What is Vertical Farming?
Climate change and world population growth put a strain on extensive traditional production systems.
The search for alternatives has led, in recent times, to a great development of soilless crops: hydroponics and aquaponics offer a fundamental contribution to the challenge to feed the planet.
A recent study has analyzed some of the most technological innovations that are revolutionizing the agricultural industry, such as vertical agriculture, a particular type of cultivation, used both in hydroponics and aquaponics.
So let’s see what data emerged from the research and what is meant by vertical farming.
Vertical Farming: Innovation
The water footprint of the foods we eat indicates the amount of water needed to produce them: these are alarming numbers, of which the consumer often has no idea, and which change according to the type of production.
Globally, agriculture is responsible for 65% of water consumption and our country has very worrying data because the percentage is 25% higher than in other European states.
Furthermore, in 2050, according to FAO (Food and Agriculture Organization of the United Nations), the world population will exceed 10 billion: the resources of two planets would thus be needed to meet the needs of so many people unless there is a radical turnaround.
Why Vertical Farms?
The future farming research has taken into consideration new technologies applied to agriculture to analyze their advantages in terms of safety, quantity, and quality of production.
What emerges is that the use of these methodologies would reduce the necessary soil by 95% and water by 70%, increasing revenues by 80%. Among the innovations, there is also vertical agriculture or vertical farming.
As we have already mentioned, these are soilless cultivation in greenhouses, closed, which develop in height on several levels, air-conditioned and automated, about large plants.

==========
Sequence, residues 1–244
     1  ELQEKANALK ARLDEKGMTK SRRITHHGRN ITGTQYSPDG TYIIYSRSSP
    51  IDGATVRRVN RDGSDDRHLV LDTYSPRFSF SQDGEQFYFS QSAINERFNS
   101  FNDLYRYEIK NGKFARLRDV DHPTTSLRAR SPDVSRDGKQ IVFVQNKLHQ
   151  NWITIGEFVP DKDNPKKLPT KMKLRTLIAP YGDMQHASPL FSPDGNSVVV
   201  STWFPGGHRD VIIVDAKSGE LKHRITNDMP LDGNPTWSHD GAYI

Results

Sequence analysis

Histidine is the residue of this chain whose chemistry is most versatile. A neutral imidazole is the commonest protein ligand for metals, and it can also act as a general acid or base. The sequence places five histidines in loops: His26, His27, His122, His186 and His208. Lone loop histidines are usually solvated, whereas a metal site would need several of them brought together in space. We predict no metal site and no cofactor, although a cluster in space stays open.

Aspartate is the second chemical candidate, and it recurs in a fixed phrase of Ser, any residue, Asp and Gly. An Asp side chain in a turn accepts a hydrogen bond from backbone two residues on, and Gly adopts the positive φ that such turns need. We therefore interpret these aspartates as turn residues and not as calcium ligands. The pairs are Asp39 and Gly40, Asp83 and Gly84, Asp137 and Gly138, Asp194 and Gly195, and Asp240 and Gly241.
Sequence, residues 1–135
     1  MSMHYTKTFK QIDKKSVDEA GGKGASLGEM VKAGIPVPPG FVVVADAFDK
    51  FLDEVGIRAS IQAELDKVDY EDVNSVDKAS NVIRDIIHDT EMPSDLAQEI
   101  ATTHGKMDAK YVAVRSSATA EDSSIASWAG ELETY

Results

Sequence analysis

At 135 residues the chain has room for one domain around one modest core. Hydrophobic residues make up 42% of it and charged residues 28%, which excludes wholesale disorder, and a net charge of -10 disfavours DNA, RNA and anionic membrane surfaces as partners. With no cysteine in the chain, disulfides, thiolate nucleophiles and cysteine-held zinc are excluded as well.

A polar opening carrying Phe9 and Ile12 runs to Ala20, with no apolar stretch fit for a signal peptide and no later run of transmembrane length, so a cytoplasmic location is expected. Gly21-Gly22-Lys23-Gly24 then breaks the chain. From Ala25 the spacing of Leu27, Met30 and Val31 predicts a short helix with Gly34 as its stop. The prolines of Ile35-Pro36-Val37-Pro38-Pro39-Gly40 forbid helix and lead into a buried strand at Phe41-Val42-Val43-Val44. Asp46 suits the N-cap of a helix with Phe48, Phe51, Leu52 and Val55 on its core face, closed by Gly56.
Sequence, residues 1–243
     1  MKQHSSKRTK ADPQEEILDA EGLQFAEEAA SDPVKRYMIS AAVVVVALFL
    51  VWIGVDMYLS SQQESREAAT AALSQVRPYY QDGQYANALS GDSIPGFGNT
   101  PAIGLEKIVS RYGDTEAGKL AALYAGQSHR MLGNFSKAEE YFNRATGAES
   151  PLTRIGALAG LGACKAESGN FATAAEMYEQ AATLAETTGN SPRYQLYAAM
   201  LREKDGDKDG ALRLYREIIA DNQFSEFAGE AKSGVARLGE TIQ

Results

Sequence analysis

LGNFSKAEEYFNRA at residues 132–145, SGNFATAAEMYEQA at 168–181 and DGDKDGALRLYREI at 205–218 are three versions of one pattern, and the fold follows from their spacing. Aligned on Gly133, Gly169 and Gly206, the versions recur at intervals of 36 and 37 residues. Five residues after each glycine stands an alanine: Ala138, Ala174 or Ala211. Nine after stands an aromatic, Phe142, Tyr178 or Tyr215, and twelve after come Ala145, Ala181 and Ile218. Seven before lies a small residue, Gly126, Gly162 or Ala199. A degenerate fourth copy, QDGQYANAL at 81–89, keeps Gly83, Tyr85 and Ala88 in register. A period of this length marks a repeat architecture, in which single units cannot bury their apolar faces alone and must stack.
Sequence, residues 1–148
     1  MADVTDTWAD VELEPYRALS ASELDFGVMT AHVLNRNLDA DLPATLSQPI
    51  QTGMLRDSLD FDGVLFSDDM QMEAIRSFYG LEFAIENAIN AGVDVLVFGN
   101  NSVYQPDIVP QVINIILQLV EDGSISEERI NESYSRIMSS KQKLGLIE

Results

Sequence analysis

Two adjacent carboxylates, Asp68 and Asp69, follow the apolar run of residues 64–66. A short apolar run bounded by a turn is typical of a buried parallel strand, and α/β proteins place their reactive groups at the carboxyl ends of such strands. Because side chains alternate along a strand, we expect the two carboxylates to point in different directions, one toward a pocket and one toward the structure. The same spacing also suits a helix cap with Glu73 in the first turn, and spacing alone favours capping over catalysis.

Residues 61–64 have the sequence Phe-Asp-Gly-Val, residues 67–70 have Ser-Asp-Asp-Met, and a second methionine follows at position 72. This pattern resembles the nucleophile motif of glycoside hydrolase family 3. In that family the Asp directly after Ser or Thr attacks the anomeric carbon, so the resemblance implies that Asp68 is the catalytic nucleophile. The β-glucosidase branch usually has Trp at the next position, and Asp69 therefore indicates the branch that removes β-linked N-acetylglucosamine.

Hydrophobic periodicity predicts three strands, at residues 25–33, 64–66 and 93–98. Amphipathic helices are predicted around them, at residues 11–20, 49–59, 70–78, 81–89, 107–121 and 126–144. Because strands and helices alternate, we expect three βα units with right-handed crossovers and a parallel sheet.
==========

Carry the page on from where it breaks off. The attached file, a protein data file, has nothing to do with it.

These systems are 75% more productive than traditional agriculture in the field and consume very little water, about 95% less.
Furthermore, vertical farms have no geographical constraints, since they can also find a place in urban areas and offer fresh, zero-kilometer products.
Vertical Farming: Trade System
According to Josef Nierling, CEO of Porsche Consulting, “vertical farming will also radically change the traditional relationships between customer and supplier throughout the agri-food chain.
“The producers of agricultural machinery – continues Nierling – will have to reinvent the portfolio of their products to support vertical farmers, while the latter becomes truly zero kilometer producers, eliminating the high number of passages present along the distribution channel and becoming the same as fruit and vegetable outlets “.
Examples of Vertical Farming
The largest vertical agriculture project is that of Dubai, currently under construction, with a size of 13,000 square meters; in Russia, a network of vertical farms is being created within urban areas, which should reach a horticultural production of about 1 million kg per year.
Finally, Canada also has its vertical farms in Montreal. On a small scale, however, vertical farms are already widespread for the cultivation of products such as strawberries or aromatic plants, both in the United States and in Europe.
The applications of this technology also concern the aerospace sector: the hypothesis is that it can even grow on lunar soil.
Beyond this perspective, although for many not so distant and unrealistic, the advantages of vertical agriculture are tangible and respond to the growing need for sustainability in the production sector.
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